How to become a Information Technology Administrator

Information technology (IT) administrators manage the day-to-day operations of IT systems to ensure that the systems run effectively. IT administrators work with IT managers to make sure that the computer system provides sufficient computing power to deliver the desired level of business performance.

Personal requirements of a Information Technology Administrator

  • Aptitude for technical activities
  • Good communication skills
  • Able to quickly understand complex problems and devise effective solutions
  • Willing to maintain and update own knowledge of IT content
  • Able to work independently
  • Able to direct and oversee the work of others

Education & Training for a Information Technology Administrator

To become an IT administrator you usually have to complete a VET qualification. As subjects and prerequisites can vary between institutions, you should contact your chosen institution for further information. You can also become an IT administrator by studying information technology or computing at university with a major in systems administration, network engineering, network security or software development. To get into these courses you usually need to gain your Senior Secondary Certificate of Education. Prerequisite subjects, or assumed knowledge, in one or more of English and mathematics are normally required. Universities have different prerequisites and some have flexible entry requirements or offer external study. Contact the institutions you are interested in for more information. For further details, visit www.gooduniversitiesguide.com.au.

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NSW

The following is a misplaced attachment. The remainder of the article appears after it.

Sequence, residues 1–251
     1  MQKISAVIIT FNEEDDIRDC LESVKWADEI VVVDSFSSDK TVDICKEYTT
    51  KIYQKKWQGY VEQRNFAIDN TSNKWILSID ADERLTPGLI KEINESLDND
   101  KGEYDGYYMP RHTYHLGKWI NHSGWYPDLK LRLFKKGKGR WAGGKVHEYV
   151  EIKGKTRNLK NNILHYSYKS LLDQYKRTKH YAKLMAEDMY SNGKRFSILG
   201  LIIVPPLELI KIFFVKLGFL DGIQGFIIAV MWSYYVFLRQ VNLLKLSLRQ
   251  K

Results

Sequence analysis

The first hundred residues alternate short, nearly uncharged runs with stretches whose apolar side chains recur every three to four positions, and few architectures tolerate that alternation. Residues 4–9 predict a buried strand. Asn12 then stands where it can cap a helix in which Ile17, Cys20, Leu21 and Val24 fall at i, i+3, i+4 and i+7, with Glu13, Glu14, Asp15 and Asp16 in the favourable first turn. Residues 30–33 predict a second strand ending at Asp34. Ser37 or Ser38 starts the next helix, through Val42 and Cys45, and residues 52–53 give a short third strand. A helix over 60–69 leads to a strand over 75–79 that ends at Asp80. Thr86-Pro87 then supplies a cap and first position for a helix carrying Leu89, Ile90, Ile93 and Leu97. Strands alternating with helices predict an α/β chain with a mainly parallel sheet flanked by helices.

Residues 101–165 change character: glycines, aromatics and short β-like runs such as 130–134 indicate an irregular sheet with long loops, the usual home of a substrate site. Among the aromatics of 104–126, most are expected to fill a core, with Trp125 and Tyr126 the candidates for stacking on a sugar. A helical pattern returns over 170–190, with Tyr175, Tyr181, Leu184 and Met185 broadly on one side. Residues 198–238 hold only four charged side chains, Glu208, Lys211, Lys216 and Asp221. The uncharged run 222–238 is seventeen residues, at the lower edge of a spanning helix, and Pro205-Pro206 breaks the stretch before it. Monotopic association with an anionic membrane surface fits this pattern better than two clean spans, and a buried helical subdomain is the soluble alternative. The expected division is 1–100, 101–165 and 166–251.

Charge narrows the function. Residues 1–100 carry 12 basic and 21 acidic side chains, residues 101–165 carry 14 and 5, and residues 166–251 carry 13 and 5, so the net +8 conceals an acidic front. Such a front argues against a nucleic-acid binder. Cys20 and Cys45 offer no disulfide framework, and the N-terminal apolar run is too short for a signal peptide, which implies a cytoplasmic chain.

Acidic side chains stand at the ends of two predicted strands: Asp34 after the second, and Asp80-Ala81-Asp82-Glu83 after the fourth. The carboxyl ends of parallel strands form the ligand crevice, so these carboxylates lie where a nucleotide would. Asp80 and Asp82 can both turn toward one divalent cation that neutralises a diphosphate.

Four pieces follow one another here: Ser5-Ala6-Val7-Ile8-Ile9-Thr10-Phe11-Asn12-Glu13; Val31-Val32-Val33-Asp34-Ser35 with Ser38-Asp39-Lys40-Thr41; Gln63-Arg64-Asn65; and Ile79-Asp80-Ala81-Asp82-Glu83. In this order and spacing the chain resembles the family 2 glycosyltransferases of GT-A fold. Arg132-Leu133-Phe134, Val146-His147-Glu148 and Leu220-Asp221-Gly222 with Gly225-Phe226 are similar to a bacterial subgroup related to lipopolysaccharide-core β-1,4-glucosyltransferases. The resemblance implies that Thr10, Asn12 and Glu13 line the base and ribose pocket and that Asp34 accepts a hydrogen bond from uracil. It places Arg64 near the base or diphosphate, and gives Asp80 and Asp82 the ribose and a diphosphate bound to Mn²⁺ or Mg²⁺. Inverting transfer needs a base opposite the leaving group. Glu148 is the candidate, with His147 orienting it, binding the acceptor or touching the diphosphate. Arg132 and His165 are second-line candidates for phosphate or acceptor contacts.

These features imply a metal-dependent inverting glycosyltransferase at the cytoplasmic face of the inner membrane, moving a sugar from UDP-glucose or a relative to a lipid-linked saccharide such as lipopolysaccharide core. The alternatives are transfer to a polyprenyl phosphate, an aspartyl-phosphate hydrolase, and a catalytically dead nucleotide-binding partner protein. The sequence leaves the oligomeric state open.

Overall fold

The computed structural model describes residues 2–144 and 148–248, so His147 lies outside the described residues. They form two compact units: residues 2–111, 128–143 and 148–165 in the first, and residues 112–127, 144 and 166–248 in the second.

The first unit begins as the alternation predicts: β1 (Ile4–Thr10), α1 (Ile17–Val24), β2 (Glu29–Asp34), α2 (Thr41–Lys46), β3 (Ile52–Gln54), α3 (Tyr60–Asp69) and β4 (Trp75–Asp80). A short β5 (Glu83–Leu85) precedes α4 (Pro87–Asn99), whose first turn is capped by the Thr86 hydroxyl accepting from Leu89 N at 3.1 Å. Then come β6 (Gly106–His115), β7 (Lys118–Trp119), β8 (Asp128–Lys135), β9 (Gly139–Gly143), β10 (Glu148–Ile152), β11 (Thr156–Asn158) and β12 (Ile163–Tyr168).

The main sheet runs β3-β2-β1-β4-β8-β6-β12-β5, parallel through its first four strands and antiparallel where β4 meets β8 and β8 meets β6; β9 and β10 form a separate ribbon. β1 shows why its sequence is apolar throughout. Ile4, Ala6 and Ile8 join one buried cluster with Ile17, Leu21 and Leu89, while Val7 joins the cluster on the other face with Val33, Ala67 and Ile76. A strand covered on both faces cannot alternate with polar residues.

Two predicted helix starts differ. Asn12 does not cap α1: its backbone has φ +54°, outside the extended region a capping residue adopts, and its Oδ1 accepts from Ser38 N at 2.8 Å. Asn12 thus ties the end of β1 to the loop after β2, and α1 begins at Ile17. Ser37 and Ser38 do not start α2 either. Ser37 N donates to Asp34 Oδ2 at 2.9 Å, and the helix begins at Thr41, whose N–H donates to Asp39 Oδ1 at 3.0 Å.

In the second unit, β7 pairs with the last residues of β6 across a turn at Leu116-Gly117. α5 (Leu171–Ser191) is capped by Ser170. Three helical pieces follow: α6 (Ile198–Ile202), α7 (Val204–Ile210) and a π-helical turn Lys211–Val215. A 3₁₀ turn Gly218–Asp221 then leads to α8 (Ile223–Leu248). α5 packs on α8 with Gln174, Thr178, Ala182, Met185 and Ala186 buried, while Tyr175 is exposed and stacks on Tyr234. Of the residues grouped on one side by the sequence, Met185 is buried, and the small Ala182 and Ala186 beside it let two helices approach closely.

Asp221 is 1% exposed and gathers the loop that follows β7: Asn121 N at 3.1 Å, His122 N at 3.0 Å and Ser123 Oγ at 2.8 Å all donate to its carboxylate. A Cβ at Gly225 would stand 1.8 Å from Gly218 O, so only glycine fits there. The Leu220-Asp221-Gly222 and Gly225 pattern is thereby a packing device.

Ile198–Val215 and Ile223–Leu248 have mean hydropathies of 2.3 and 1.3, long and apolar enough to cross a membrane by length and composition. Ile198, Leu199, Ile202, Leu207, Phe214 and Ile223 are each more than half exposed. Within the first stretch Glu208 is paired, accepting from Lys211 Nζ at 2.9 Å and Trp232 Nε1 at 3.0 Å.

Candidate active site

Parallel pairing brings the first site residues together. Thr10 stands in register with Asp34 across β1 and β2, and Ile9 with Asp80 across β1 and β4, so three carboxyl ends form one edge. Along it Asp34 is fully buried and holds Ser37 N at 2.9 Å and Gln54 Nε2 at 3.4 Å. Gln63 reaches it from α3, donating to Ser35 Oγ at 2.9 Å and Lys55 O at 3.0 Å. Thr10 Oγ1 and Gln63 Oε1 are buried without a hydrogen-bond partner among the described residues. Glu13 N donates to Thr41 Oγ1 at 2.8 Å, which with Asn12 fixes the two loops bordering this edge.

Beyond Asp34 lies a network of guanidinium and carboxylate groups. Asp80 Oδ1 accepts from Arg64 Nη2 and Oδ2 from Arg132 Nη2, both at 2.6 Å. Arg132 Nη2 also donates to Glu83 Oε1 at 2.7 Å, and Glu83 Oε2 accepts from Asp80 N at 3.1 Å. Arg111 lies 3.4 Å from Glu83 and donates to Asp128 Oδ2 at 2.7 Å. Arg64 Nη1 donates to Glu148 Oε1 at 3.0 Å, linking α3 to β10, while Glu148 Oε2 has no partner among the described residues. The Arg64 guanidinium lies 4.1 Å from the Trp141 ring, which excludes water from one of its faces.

NT
VIC
SA
QLD
ACT
TAS
NZ

Avg. weekly wage:

$1,590

Future growth:

very strong growth

Employment by state:

ACT 6.4%

NSW 33.8%

NT 1.1%

QLD 15.8%

SA 4.3%

TAS 0.9%

VIC 29.1%

WA 8.6%

Hours worked:

38.2

Unemployment:

average

Gender split:

Proportion of male workers 79.7%

Proportion of female workers 20.3%

Education level:

Proportion of workers who have not completed Year 10: 0%

Proportion of workers who have not completed Year 12: 4.6%

Proportion of workers whose highest qualification is secondary school: 14.2%

Proportion of workers whose highest qualification is a Certificate 3 or 4: 4.1%

Proportion of workers whose highest qualification is a Diploma or Advanced Diploma: 8.7%

Proportion of workers whose highest qualification is a Bachelor degree: 44.1%

Proportion of workers whose highest qualification is a Postgraduate Diploma or Graduate Certificate: 24.3%

Age bracket:

Proprortion of workers aged below 35 years: 31.2%

Proportion of workers aged above 35 years: 68.9%

*The data above is sourced from the Department of Employment’s Job Outlook website.




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